Learning to see science models as provisional has resulted in unimaginable technological and economic gains. By taking a page from science, and embracing the improvability of personal beliefs and religious teachings, religion could foster parallel gains in personal growth, social harmony, and international cooperation.
The truth is we’ve been living without absolutes from the start. There really never were any, but until now we’ve needed to believe in them much as children fix on certain beliefs while they find their footing. With adolescence, we temper these beliefs, and with maturity we can let go of belief in belief itself.
That any of the currently accepted scientific theories could, in principle, be incorrect or incomplete is taken for granted by scientists. To insist, for example, that the theory of evolution is “just a theory” is only to state what every scientist knows and accepts. Of course, it’s a theory. What else could it be? But it’s a rigorously tested theory and it makes sense to use it until we have something that’s superior.
When it comes to the discovery process, the differences between the eurekas of science and the revelations of religion are window-dressing. Yes, scientists wear lab coats and jeans, and we imagine prophets in tunics and loincloths, but investigators of every kind base their insights on meticulous observation and savor their “ah-ha” moments. The dysfunctional relationship that now exists between science or religion could be retired in favor of a beautiful friendship if both parties would acknowledge that:
- Both science and religion make use of educated guesses to identify new truth, devise rules, construct theories, and build models.
- Scientific and religious models that are found wanting must be revised or discarded.
- Human fallibility means revisions are the rule, not the exception. We’re well advised to “try, try again,” because one success, which may then spread via imitation, makes up for countless failures.
- Both scientific and religious precepts must be grounded in painstaking observation and are defended by reference to such evidence.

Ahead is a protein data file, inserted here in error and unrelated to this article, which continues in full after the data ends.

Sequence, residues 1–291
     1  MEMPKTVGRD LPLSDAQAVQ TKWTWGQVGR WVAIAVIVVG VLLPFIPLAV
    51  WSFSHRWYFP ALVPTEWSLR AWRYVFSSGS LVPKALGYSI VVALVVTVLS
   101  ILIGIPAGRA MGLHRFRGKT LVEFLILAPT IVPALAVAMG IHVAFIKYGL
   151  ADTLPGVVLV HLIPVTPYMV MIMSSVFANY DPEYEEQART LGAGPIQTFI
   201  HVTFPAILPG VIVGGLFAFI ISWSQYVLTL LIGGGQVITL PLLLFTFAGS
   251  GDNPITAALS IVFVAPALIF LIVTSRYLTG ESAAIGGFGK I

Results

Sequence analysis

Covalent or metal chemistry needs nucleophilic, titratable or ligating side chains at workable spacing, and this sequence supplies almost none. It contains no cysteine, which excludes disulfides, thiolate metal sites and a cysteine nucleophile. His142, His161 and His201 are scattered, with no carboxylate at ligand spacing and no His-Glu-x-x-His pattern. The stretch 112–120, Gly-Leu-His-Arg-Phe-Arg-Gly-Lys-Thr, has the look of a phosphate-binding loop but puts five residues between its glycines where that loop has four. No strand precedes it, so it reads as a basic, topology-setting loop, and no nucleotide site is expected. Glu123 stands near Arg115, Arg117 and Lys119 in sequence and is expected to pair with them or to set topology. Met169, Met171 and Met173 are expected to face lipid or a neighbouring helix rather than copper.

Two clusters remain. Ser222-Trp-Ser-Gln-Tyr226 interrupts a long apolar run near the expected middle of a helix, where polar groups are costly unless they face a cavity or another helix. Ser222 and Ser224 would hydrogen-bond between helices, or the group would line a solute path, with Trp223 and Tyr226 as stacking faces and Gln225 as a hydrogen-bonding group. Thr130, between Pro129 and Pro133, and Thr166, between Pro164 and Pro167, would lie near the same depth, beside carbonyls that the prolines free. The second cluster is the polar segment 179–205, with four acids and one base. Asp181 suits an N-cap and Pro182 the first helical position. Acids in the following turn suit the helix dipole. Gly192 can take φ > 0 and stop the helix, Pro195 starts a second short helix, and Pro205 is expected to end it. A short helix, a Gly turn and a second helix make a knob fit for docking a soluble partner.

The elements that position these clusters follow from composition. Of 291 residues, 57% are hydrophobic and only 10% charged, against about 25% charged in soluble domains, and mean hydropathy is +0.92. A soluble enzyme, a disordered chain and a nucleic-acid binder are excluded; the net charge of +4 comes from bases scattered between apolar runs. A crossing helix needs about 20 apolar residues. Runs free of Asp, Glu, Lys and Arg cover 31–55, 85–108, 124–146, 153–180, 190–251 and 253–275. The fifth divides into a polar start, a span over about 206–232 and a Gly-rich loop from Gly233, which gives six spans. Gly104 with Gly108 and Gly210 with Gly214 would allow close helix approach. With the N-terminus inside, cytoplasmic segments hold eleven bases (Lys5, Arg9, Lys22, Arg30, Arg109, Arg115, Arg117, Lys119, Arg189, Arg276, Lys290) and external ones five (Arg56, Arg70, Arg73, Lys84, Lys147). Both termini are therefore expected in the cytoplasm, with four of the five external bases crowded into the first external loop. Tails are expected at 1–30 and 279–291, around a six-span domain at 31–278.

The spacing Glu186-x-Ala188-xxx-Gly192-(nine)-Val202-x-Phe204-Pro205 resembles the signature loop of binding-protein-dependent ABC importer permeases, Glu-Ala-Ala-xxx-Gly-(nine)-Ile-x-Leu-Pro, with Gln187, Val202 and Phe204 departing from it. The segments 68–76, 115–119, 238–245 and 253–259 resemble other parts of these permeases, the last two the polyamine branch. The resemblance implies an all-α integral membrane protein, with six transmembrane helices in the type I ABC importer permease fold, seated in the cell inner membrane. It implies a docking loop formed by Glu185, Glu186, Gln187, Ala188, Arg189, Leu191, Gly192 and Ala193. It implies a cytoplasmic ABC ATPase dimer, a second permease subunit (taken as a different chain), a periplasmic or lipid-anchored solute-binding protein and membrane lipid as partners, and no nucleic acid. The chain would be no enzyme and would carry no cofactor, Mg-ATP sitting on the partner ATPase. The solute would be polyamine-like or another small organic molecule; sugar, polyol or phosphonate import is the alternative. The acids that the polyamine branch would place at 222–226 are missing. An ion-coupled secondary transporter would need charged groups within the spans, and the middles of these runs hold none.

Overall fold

- The act of discovery—though it goes by the different names of eureka, epiphany, revelation, and enlightenment—is basically the same in all fields. An occasional ah-ha punctuates a lot of ho-hum.
- Science and religion reduce suffering in complementary ways: science by alleviating material wants and curing disease; religion by cultivating kindness and compassion.
- Both scientists and religious leaders have sometimes put their institutional interests above the public interest. Both science and religion have also produced leaders who have sacrificed themselves for truth, beauty, and justice.
The Peace Dividend
As dignity’s discoverer and its defender of last resort, a larger, revitalizing role for religion would emerge if it partnered with science. If they made peace, together they could usher in an epoch of universal dignity.
Religion could blunt accusations that it’s just another self-serving institution and regain its voice by:
- Sponsoring dialogues to clarify exactly what’s meant by “equal dignity for all.”
- Developing models that close the dignity gap that separates those who are regarded as somebodies from those who are taken for nobodies.
- Assisting organizations in aligning their cultures and practices with dignity-affirming values.
- Actively supporting the dignity movement.
- Critiquing the findings of neuroscience on the nature of mind, and helping us cope with advances in machine intelligence that may someday threaten our sense of selfhood.
- Designing dignity-preserving institutions of global governance.
- Ennobling the quest to achieve “Peace on Earth, goodwill toward Men.”
If science and religion cooperate to extend dignity, we could realize the promise of a fair, just, and peaceful world, not merely in our dreams, but here on Earth, not in the indefinite future, but before this century is out.
Indeed, there is reason to hope.
This article is a synopsis of my recent blog series “Religion & Science: A Beautiful Friendship?”. The complete series can be downloaded as a free eBook here, and it is also available as a print-on-demand edition.